Sara Routhier, Managing Editor of Features and Outreach, has professional experience as an educator, SEO specialist, and content marketer. She has over five years of experience in the insurance industry. As a researcher, data nerd, writer, and editor she strives to curate educational, enlightening articles that provide you with the must-know facts and best-kept secrets within the overwhelming worl...

Full Bio →

Written by

Joel Ohman is the CEO of a private equity-backed digital media company. He is a CERTIFIED FINANCIAL PLANNER™, author, angel investor, and serial entrepreneur who loves creating new things, whether books or businesses. He has also previously served as the founder and resident CFP® of a national insurance agency, Real Time Health Quotes. He also has an MBA from the University of South Florida. ...

Full Bio →

Reviewed by Joel Ohman
Founder, CFP®

UPDATED: Oct 24, 2012

Advertiser Disclosure

Advertiser Disclosure: We strive to help you make confident loan decisions. Comparison shopping should be easy. We are not affiliated with any one loan provider and cannot guarantee quotes from any single provider. Our partnerships don’t influence our content. Our opinions are our own. To compare quotes from many different companies please enter your ZIP code on this page to use the free quote tool. The more quotes you compare, the more chances to save.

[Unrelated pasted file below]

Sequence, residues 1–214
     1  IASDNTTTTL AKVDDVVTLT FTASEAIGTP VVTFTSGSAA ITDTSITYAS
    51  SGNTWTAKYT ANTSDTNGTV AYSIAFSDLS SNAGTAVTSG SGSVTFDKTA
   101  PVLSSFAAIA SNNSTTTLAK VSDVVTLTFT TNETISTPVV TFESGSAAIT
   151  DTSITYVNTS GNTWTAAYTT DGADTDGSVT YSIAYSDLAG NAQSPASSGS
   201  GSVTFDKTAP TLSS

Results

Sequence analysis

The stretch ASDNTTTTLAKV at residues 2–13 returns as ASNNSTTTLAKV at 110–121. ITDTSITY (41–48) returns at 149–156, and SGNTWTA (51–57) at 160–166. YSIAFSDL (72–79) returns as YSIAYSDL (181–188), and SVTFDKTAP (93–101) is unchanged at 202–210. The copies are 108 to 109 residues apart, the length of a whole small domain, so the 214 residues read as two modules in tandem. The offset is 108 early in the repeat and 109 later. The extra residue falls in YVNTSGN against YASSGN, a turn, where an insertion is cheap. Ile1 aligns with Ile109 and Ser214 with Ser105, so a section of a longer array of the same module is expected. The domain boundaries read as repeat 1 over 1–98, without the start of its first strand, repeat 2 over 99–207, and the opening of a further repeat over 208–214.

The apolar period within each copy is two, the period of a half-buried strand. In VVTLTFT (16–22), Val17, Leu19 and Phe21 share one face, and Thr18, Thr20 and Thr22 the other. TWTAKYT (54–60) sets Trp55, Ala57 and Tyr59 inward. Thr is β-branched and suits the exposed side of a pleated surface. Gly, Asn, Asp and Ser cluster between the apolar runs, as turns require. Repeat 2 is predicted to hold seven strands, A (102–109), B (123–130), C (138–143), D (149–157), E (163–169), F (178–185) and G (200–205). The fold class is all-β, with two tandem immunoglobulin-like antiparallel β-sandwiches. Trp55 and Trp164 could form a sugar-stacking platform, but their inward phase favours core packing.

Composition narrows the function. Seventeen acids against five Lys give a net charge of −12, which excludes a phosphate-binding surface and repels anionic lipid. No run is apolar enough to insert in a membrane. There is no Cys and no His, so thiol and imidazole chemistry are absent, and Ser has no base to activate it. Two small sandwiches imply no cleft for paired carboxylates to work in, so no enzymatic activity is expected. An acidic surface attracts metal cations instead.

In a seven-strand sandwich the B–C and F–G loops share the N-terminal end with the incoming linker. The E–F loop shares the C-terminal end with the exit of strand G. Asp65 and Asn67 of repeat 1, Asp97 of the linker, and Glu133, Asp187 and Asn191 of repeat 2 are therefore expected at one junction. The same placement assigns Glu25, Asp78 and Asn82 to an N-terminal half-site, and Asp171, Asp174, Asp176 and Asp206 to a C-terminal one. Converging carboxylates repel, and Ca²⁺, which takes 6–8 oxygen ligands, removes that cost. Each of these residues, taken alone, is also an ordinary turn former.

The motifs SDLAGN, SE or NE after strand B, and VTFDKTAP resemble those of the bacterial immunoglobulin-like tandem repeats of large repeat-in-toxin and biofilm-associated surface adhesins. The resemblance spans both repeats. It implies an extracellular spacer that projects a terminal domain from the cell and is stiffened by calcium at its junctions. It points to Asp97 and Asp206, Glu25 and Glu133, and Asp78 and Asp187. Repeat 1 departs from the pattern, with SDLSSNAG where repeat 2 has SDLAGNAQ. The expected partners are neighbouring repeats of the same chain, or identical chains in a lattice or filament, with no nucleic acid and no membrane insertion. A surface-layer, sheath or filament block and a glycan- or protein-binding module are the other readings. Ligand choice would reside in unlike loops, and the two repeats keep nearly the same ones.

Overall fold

Editorial Guidelines: We are a free online resource for anyone interested in learning more about loans. Our goal is to be an objective, third-party resource for everything loan related. We update our site regularly, and all content is reviewed by experts.

A merchant cash advance is essentially a payday loan for a business. These are relatively new forms of financing, somewhat similar to online payday financing.

Questions about payday loans usually pertain to individual borrowers and not businesses who obtain a quick cash advance. However, there are stark similarities between the two forms of financing.

Just as payday financing is meant for borrowers with poor credit scores, merchant cash advances are meant for businesses with little to no credit histories. These businesses lack reputable credit histories gained from purchasing inventory, factories, offices, and warehouses over the years—as established offline conventional businesses typically have. Most of these businesses are small online operations that do not require extensive amounts of money, which makes them perfect customers for the modest sums offered by merchant lenders.

Both payday financing and merchant cash advances are lent with relatively high interest. This is due to the risk that lenders take on by giving money to people or businesses with little to no credit history. By charging high interest, lenders ensure they will receive a profit from a risky lending practice. In the event that borrowers fail to repay, the lender will have hopefully recouped the lent money due to the high interest rate.

These two forms of financing do differ in their respective repayment policies. While payday financing must be repaid in full at the end of the loans’ lifetimes, merchant cash advances can be repaid in installments. In fact, some merchant borrowers repay their debt by paying a fraction of each sale to their lender.

Unlike payday loans, which are essentially available to anyone and everyone, merchant financing requires a business in place as well as evidence of business operations, such as sales.

While online and offline payday loans have been around for quite some time, merchant lending is a relatively new form of financing that is being pioneered by tech startups and ecommerce giants like Amazon.